Who Is Hassan Aden? The Former Police Chief Alleges His Name Got Him Detained
Since the advent of Donald Trump's presidency in January, foreigners and Americans citizens alike have reported facing increased scrutiny at customs and immigration checkpoints when entering the United States. Recently, Hassan Aden, who is a former police chief and an American citizen, was subject to this increased scrutiny as he made his way back from France via New York's John F. Kennedy airport. Hassan's story is receiving a great deal of attention due to his career as a high-profile U.S. law enforcement officer as well as because of his impassioned reporting of the story in a widely-shared Facebook post.
Aden is the former police chief of Greenville, South Carolina, and former deputy police chief of Alexandria, Virginia. He is a naturalized U.S. citizen who has lived in the country for 42 years, after immigrating from Italy when he was 10 years old.
Aden first shared the details of his interaction with customs officials at JFK on his Facebook page on Saturday. In a lengthy post, Aden, a frequent traveler, reported that he was returning to the United States from Paris after celebrating his mother's 80th birthday in the city. Instead of quickly passing through U.S. customs and being welcomed back into the country, as is typical, Aden alleged that a U.S. Customs and Border Protection official requested that he follow him to a back office. Once in the office, Aden was allegedly informed that his name was being used as an alias by someone on a watch list and that officials would need to clear him to enter the United States.
Aden then reported that he subsequently spent nearly an hour-and-a-half in the office while customs officials sought to ensure he was clear for entry, which eventually occurred. Aden characterized this experience as non-voluntary "detention" and believed it was unreasonable and intrusive.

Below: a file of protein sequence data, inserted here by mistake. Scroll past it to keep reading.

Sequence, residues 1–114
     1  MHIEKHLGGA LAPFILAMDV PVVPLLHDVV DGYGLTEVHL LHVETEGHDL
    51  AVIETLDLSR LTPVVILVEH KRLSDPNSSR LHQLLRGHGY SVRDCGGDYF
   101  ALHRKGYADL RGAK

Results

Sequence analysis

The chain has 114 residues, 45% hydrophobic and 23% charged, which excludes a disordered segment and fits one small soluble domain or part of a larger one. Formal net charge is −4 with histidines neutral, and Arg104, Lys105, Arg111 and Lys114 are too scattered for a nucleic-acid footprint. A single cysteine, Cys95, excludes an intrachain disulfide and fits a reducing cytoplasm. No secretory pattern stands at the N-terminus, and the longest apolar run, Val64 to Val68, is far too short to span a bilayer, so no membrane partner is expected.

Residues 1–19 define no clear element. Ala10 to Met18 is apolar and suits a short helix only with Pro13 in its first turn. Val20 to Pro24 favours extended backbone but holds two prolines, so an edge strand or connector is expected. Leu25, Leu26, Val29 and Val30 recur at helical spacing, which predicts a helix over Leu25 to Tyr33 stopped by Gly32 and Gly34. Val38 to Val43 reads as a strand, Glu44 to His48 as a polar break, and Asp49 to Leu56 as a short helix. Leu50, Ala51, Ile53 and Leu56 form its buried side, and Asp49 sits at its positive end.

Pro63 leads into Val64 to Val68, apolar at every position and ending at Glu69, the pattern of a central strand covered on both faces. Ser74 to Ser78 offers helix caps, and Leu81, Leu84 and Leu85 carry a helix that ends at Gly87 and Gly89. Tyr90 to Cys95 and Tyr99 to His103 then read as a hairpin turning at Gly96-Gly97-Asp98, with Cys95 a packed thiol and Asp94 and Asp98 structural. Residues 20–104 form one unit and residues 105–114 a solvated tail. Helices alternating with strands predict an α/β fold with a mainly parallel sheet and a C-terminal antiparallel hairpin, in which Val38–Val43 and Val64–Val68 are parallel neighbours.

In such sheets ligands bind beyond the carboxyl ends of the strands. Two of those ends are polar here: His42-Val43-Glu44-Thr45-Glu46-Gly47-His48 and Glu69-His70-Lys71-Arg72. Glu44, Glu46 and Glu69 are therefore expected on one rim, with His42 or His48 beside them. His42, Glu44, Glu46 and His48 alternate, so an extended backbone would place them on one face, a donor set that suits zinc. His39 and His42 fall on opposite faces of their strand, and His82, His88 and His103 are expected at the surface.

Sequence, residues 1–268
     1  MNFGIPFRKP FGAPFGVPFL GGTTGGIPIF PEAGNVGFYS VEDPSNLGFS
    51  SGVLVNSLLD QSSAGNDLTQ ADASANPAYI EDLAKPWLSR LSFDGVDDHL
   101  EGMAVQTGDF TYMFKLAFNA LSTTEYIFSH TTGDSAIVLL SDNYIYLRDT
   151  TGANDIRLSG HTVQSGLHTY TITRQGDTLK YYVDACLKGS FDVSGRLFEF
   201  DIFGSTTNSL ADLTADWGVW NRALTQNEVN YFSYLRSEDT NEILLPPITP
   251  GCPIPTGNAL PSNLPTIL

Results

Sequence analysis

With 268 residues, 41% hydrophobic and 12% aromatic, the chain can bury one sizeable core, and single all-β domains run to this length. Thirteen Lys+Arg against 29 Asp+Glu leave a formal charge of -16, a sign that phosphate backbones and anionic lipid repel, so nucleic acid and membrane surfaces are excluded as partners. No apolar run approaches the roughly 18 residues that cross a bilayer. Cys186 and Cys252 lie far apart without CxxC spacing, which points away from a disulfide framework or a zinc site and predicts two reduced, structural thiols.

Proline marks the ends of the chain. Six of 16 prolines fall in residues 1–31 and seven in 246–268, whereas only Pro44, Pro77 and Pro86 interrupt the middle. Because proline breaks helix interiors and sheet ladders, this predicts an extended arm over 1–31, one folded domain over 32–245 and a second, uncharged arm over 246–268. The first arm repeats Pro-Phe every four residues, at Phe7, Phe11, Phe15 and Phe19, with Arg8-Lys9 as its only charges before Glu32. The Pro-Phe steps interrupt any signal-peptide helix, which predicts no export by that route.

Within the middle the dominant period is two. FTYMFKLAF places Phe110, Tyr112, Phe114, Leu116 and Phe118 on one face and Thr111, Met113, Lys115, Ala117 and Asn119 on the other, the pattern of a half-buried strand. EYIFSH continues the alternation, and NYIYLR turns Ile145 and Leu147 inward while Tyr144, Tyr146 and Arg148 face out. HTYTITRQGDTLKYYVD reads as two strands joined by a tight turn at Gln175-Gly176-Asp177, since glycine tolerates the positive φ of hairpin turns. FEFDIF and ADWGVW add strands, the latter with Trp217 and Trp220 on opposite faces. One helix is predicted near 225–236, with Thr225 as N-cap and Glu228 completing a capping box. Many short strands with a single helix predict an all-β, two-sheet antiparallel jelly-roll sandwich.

In addition to allegedly taking an exorbitant amount of time, Aden also reported that he found his experience with U.S. customs emotionally scarring and that he was concerned about what others will experience when they try to enter the United States in the future. In regards to the former notion, Aden lamented that if even he, with 30 years of law enforcement and government experience, faced this type of interaction with U.S. customs officials, then it could "happen to anyone with attributes that can be 'profiled.' No one is safe from this type of unlawful government intrusion."
Furthermore, Aden expressed despondency at what he feels is the current state of affairs in the United States, poignantly saying,
This experience has left me feeling vulnerable and unsure of the future of a country that was once great and that I proudly called my own. ... This country now feels cold, unwelcoming, and in the beginning stages of a country that is isolating itself from the rest of the world - and its own people - in an unprecedented fashion. High levels of hate and injustice have been felt in vulnerable communities for decades-it is now hitting the rest of America.
Aden's Facebook post was shared nearly 6,000 times and the story is also receiving a great deal of attention in the news media, with many social media users expressing surprise at the occurrence and offering words of comfort to Aden. In a follow-up telephone interview with ABC News, Aden further expressed that he supports U.S. Customs and Border Patrol Officers, however he feels that his alleged 90 minutes of detention were "unreasonable" and made it feel "like he was in custody." For their part, U.S. customs officials have offered no comment, saying they cannot discuss individual cases.